One flew over the allocator's nest
At some times even a experienced guide in the land of Solaris runs into a trap, even when the guide is aware of this trap.
I have a standard tactic when i’m trying to diagnose performance problems: At first …
prstat -mL to get an overview what the threads are really doing:
The first thing that springs into mind is the high percentage of time in the LCK state. So you start the next tool to get some additional information about that high LCK rate.
Obviously the weapon of choice is
plockstat -A -p 18107:
libc_malloc_lock, my old friend. The wait time in the locks summed up to 15126580ns . Looks like this application is in need of a thread hot memory allocator. You can do this via preloading a different allocator library. As the application was started by SMF, it was easy just to use SMF to enable the preloading:
This procedure had the intended effect. An additional run of plockstat yielded much favorable results:
All mutex blocks summed up to 569898ns. That’s just roughly 3.768% of the time needed with the libc malloc. There were just two things nagging at me: 15126580ns was high but not that much.But even more puzzling: The LCK time rised to 100% most of the time for many threads with where it was at 90% before. It’s good that i’m preferring trains to get to my customers, otherwise my car insurance would be unpayable by now, because i’m somewhere else with my thoughts. Nevertheless the pencil to connect the dots was rather slow yesterday. My brain experienced several majf yesterday. The first dot was a measurement a day before, where i had gone after the source of the high amount of the syscalls and the reasons for a high number of context switches. In hindsight this was the first dot:
Hmmm … that was interesting but not unexpected. After that i’ve looked for the numbers of systemcalls. And there a second dot appeared:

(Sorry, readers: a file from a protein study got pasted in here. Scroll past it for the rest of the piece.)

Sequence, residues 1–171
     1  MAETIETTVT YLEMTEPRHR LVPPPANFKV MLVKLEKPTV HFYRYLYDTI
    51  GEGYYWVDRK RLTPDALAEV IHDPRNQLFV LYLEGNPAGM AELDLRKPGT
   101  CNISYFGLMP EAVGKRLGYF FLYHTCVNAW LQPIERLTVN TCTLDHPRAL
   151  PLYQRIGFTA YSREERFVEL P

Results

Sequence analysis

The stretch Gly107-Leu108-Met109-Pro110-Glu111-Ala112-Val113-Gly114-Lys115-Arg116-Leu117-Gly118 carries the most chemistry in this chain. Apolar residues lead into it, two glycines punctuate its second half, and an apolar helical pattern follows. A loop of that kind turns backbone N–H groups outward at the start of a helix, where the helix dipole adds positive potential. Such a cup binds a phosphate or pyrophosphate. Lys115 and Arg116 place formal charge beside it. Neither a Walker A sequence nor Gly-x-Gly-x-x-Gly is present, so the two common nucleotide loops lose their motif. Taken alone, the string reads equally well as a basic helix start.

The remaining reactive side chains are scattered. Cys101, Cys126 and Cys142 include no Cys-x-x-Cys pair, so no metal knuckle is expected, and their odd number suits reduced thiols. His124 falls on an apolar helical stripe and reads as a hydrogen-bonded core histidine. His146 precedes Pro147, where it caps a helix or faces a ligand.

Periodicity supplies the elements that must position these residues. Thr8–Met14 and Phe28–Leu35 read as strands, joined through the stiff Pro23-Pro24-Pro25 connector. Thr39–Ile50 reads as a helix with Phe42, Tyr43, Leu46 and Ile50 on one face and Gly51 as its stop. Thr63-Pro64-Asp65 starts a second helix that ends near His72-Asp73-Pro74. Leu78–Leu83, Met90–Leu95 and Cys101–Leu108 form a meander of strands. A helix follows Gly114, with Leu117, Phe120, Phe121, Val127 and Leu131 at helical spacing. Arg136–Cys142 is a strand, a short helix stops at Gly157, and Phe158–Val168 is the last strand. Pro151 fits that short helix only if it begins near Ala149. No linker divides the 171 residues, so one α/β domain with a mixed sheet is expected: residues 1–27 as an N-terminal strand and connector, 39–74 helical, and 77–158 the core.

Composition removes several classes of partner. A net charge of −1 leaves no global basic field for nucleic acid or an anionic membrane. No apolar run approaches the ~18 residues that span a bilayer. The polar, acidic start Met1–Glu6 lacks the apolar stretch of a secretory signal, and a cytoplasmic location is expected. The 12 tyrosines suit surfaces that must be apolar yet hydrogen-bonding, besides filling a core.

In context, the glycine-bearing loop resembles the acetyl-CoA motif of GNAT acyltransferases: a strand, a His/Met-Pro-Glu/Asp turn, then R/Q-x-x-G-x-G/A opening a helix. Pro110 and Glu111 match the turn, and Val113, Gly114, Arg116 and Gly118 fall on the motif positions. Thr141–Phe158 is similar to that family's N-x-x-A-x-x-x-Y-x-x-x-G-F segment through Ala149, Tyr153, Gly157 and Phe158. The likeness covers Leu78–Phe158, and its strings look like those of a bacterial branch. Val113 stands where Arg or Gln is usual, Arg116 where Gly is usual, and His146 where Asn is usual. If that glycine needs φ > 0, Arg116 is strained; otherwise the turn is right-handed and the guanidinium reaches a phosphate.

The third dot was the strange behaviour in regard of the LCK time after changing the memory allocator. It was 17:30 o’clock and i went home. The tip of the pencil moved with whooping 1 attoparsec per week. There was something ringing in my head, but no idea where this ringing come from. Reaching home i’ve cooked a tea … a glacier attempted to overtake the tip of the pencil at the fast lane. Still this ringing. Drove me nuts. Should i call for the mental asylum? Even Gregory House M.D. was there and he slept with a character played by Franka Potente … not that bad ;) Viewed my newly purchased “District 9” DVD. And now to cite my thought at the middle of the movie: “Fuck! That prstat/cond_wait issue”. And suddenly the tip of the pencil to connect the dot moved with with approximately lightspeed (as a pencil has a mass, it can never reach lightspeed).
The reason for the counterintuitive behaviour the numbers in the LCK column of prstat is “sleeping on CVs is ‘LCK’ time, should be ‘SLP’”. When a thread is waiting on a conditional variable and sleeps, this time isn’t recorded as SLP time, it’s recorded as LCK time, while SLP would be correct. There is a good explanation of the issue and problem of fixing it in in the bug description.
The customers application uses vast amounts of threads (“Oh my god, it’s full of threads”), so conventional interpretation of the LCK column was totally misguiding. The strange increase in LCK time when load decreased was logical, too. As less work reaches the threads the more time they wait in the
lwp_cond_wait. And as this number counts to LCK is just natural that your systems seems to burn a lot of cycles in locks.